New Initiatives Aimed at Ending Cancer and Preventative Actions to Reduce your Risk
At Libertana, our patients, their health and their families, are our priorities. To help promote sound health, we seek to provide useful health information and resources. It’s with this motivation that we highlight Breast Cancer Awareness Month and take a look at some recent initiatives aimed at ending cancer. October of every year serves as a reminder to support the millions affected by breast cancer and do what we can to spread awareness needed to those who may be impacted in the future. It’s with this fact in mind, that we highlight valuable and practical information to you regarding not only breast cancer, but all cancers. At Libertana, we recognize the importance of highlighting cancer awareness and some new initiatives aimed at tackling this scourge.
Earlier this year President Biden announced the restart of Cancer Moonshot, a program aimed at accelerating scientific discovery and fostering innovation with the ultimate goal of reducing the cancer death rate by half within 25 years and improving the lives of people with cancer and cancer survivors. From trialing multi-cancer detection tests to increasing the pipeline of new cancer drugs, through the NCI Project Moonshot has supported over 250 research projects.
Falling Cancer Death Rates
Since 1991 cancer death rates have fallen 32%In the last several years. This can be attributed to may factors including; a reduction in smoking rates, increasing awareness, technological innovations such as immunotherapy, and improving technology for early detection. This steady decrease in cancer deaths, while seemingly incremental and small, with a 2.3% year over year reduction in deaths between 2016 and 2019 means that 3.5 million people are still alive today due to these recent innovations and initiatives.
Prevention and Early Detection
While there are life choices that can increase your risk of cancer – excessive alcohol consumption, obesity, and a lack of exercise, many cancers occur due to genetic risk factors which unfortunately are not avoidable. While this may seem frightening, with awareness, information, and due diligence, you can vastly improve your ability combat this disease.
What can I do to lower my risk?
With a healthy lifestyle and a dedicated awareness to the early signs, many cancers are often manageable, and beatable. Using breast cancer as an example, when detected early, the 5-year survival rate is 93-99%.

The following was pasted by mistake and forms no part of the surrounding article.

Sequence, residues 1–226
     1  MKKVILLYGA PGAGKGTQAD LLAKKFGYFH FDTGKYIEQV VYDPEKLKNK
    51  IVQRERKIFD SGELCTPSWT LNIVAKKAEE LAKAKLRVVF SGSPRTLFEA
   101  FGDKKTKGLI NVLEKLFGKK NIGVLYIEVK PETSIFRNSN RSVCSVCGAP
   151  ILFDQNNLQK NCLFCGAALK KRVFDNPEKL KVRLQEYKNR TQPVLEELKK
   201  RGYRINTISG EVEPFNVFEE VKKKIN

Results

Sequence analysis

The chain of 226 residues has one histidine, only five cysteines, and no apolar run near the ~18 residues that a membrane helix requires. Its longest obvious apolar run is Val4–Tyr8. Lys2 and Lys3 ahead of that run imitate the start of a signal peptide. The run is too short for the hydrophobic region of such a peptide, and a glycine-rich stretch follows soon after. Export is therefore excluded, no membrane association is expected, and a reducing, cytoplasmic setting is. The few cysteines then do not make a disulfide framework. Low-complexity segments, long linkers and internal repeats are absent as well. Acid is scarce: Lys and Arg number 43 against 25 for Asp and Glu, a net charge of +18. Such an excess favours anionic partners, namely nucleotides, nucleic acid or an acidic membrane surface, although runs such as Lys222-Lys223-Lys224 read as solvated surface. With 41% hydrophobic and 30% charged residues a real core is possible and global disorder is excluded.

So how can I detect it early?
All adults should perform monthly breast or testicular self-exams. In doing so, you will be able to more easily identify any changes in your body. Any changes should be discussed with a healthcare professional, but only you can serve as the first line of defense for detection. In fact, 40% of all diagnosed breast cancers are detected by women who feel a lump, so establishing a regular self-exams are very important.
Regularly scheduled checkups
Women who are 40 and older are recommended to have mammograms every 1 or 2 years. Those younger than 40 that have risk factors for breast cancer should ask their healthcare professional whether mammograms are advisable and how often to have them. While there is no standard or routine screening test used for early detection of testicular cancer, men should also perform (in addition to testicular self exams) breast self exams. While rare, even men can develop breast cancer and the lack of awareness contributes to breast cancer having a higher mortality rate in men. Therefore, it is important to be aware of your body and discuss any changes with your healthcare provider.
Is there anything I can do to prevent cancer?
Yes! One way to prevent some forms of cancer is by making sure you are up to date on your vaccines, as the HPV and Hepatitis B vaccines greatly reduce your chances of getting those associated cancers. Hopefully in the years to come more vaccines will be available, however until that time comes, there are several specific things you can do to significantly limit your chances of contracting cancer. As mentioned above, many cancers are often the result of genetics, but nonetheless there are a few ways you can limit additional risk factors.
Maintain a healthy weight
Stay physically active – whether you walk, run, and/or exercise regularly – maintaining a regular physical routine is a good way to limit your risk of cancer, as well as other common afflictions
Eat fruits and vegetables – maintaining a nutritious, balanced diet is a good way to ensure your body receives its needed nutrients and vitamins
Do not smoke – this goes without saying, but refraining from smoking is always important for your health
Limit alcohol consumption – not only does this diminish your cancer risk, but it also keeps your liver healthy, and helps keep your blood pressure and cholesterol in check
This month let’s work together to normalize cancer screening, its early signs, its treatment, and its impact on so many of us. By maintaining healthy lifestyles, staying vigilant, and talking to one another, we can continue this fight. There’s many among us who are survivors, or future survivors – let’s use October to lift them up and work together to keep our families and communities safe. Below are several additional resources to help you stay informed.
Cancer Moonshot – NCI:
Signs and Risk Factors for Breast Cancer:
Causes, Risk Factors, and Prevention for Testicular Cancer:
How to Lower Your Risk:
AACR Cancer Progress Report 2022: